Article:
Last year, two major cybersecurity events drove home just how vulnerable companies are to potentially catastrophic cyberattacks. In March 2021, Molson Coors Beverage Co. reported that it had been the target of one such attack that disrupted its brewing operations and shipments. Then, less than two months later, a ransomware attack severely disrupted the Colonial Pipeline, which runs from Texas to New Jersey and supplies fuel for nearly half of the East Coast. The pipeline shut down for nearly a week. 

The lesson from these events: always assume that you’re a target. 

“If you’re in food, in beverage, if you’re a company that’s delivering beverages to a retailer, you’re a target for cybercrime,” says Bill Kraich, vice president of eCommerce at Encompass Technologies. 

As fleets become increasingly more wired, it’s more likely they’re on the radar for cyber-criminals. Take electronic logging devices (ELDs) for instance.

“ELDs are the ‘new’ thing, the ‘big’ thing now in the industry and generally speaking those are going to be pretty safe,” Kraich says. “The problem is, they’re safe today. Are they going to maintain that? Likely not, as vulnerability becomes realized and exposed.” 

Kraich advises three basic practices distributors can employ to help fortify themselves against cybersecurity breaches. 

“First, take a real, hard look at anything you’re doing with an acronym,” he suggests. “Is it VPN [Virtual Private Network], is it RDP [Remote Desktop Protocol] or some other acronyms? Every time you open an RDP or a VPN, you’re creating a vulnerability. Guaranteed, there’s a cloud-based solution that doesn’t require you to do that.” 

Kraich points out that the Colonial attack involved its VPN. 

Next, Kraich encourages companies to apply multi-factor authentication to their systems. It makes it that much more difficult for malicious actors to breach your operation.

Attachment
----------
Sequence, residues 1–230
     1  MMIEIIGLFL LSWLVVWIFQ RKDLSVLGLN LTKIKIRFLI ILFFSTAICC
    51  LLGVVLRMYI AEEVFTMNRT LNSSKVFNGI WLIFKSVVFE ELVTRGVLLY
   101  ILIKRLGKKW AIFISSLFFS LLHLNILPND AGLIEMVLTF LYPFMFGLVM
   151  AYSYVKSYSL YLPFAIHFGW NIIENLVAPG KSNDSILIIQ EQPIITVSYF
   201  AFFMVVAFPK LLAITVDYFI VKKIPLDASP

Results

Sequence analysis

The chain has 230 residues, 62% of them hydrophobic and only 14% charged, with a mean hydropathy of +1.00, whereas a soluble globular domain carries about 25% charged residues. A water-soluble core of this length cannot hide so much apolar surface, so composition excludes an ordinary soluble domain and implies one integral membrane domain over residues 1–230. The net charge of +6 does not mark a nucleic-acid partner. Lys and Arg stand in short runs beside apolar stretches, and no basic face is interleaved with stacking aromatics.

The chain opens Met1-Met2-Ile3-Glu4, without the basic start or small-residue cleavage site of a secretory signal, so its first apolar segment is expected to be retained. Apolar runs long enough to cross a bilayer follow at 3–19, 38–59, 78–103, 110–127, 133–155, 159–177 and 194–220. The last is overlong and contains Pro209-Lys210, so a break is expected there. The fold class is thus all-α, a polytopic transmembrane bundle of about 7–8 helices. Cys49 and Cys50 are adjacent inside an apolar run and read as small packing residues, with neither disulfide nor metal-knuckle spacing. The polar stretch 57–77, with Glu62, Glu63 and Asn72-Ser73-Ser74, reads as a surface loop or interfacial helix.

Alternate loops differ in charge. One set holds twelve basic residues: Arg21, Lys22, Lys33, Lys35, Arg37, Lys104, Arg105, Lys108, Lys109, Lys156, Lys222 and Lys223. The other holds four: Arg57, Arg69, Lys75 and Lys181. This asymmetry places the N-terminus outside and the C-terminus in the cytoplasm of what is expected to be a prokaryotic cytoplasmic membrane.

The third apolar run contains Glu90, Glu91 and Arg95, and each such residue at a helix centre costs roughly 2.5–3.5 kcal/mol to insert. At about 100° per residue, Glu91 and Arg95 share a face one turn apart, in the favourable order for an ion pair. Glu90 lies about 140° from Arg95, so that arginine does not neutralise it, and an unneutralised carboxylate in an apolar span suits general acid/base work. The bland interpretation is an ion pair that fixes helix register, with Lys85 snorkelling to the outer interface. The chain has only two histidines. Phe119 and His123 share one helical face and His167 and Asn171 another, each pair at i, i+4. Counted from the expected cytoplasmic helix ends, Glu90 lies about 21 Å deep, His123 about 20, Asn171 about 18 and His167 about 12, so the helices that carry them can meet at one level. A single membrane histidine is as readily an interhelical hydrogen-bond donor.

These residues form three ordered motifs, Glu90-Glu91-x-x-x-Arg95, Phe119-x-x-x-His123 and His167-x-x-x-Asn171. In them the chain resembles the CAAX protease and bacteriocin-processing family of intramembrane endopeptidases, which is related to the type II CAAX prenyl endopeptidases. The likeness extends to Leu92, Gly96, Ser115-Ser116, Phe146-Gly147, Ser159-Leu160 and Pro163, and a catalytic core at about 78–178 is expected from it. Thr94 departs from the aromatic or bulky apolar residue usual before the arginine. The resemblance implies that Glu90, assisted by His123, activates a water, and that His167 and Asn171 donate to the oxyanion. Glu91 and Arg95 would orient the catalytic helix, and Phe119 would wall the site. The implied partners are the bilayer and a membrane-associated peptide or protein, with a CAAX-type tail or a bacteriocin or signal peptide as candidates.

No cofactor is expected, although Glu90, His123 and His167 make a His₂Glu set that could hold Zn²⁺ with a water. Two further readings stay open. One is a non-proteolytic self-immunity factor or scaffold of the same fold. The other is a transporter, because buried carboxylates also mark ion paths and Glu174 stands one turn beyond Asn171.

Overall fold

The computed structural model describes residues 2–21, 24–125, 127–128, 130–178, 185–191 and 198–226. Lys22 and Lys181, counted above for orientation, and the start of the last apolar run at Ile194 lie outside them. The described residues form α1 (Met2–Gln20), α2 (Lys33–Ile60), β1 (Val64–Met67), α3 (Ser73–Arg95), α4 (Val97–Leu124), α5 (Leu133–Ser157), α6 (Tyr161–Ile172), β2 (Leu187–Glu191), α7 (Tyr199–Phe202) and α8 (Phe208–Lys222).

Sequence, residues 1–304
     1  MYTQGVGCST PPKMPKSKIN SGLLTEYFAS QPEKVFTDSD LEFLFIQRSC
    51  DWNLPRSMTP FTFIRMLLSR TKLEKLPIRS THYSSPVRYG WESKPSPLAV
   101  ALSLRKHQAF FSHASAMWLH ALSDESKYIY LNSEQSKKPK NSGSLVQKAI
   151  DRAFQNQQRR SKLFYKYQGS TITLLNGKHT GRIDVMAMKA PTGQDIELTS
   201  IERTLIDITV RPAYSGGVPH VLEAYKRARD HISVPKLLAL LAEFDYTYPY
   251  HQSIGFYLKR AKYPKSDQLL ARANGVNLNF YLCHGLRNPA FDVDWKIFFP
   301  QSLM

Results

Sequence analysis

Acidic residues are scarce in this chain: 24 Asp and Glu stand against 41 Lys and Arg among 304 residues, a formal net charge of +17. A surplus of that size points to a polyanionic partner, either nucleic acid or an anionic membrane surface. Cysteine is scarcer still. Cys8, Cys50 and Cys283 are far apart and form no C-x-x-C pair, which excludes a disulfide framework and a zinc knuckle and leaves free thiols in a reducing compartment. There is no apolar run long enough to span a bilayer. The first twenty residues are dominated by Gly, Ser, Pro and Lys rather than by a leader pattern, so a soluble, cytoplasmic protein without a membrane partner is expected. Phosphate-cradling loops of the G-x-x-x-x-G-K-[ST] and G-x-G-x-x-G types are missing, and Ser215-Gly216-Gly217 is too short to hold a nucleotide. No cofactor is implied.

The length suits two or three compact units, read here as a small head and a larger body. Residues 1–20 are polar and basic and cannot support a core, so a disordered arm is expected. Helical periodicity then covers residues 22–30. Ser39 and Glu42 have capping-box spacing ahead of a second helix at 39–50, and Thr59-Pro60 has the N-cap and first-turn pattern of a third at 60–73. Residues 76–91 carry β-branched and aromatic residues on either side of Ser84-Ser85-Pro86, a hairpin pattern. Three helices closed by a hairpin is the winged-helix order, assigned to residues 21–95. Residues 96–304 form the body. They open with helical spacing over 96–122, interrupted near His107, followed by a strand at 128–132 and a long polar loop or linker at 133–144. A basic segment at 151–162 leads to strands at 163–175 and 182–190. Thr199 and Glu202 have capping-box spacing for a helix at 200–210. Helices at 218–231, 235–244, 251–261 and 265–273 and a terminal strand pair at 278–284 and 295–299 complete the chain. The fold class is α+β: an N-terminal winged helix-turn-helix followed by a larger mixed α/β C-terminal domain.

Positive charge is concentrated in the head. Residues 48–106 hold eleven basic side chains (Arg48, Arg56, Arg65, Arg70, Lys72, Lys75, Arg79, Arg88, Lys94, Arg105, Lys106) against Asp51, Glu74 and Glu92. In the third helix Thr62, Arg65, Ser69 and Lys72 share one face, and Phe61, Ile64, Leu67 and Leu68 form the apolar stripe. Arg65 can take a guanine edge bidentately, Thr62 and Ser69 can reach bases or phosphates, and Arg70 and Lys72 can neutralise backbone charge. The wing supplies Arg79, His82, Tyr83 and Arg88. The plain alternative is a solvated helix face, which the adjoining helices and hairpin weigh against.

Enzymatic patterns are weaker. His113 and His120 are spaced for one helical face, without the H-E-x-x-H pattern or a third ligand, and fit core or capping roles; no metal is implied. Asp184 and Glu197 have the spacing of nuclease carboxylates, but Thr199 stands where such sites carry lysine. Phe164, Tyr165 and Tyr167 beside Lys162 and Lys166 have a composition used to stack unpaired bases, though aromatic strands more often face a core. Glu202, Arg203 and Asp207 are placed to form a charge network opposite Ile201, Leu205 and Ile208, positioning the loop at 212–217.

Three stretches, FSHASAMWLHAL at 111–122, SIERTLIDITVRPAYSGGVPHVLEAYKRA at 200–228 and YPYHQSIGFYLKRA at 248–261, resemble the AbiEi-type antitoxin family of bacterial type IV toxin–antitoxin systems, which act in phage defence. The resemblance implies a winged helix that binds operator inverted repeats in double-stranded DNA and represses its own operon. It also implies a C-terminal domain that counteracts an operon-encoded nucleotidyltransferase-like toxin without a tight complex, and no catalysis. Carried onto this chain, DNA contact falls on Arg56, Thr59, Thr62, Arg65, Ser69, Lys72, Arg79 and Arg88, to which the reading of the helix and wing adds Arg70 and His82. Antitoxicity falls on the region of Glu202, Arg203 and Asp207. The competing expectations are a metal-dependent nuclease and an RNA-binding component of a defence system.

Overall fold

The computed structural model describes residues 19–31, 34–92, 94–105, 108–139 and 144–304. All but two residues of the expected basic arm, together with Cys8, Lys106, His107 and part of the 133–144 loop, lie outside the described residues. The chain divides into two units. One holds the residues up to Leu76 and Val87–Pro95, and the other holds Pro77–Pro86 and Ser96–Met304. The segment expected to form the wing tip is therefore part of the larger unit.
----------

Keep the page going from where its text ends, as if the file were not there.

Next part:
Third, it all comes down to user management. 

“One thing that’s really, really common, not as much today, but definitely in the last 10 years,  is that a delivery company would have their delivery people use the same login,” Kraich explains. “It’s the same username, same password for everyone and when someone left and went to another company, they still had the password. That’s such an embarrassment today and it still goes on. If you do something like that, you’re just asking for trouble.”

Good user management, he says, is probably the easiest step you can take because it’s easy and mostly free to implement, without requiring any real tech wizardry. 

Keeping everyone on your team informed about what sorts of red flags to look out for is a simple step you can take. During the December holiday season in 2020, Adams Beverages in Charlotte, N.C. had its servers hit, disabling its e-mail communications for about 10 days.

“I’m more concerned with the IOT, the ‘internet of things,’ where everything is getting a piece of tech added to it,” says Chris Koch, director of information systems at Adams Beverages. “As that increases, the bad actors have more opportunities to create chaos.” 

Since that attack, Adams Beverages has been more alert to such threats and actively safeguarding against them. 

“Most cyberattacks don’t occur from state-sponsored groups from Russia or terrorist organizations,” Kraich notes. “They’re low-level criminals looking for an easy way in through the back door. But if you start becoming aware of what your vulnerabilities are, you start putting up those bars and you start making it difficult for those low-level criminals.”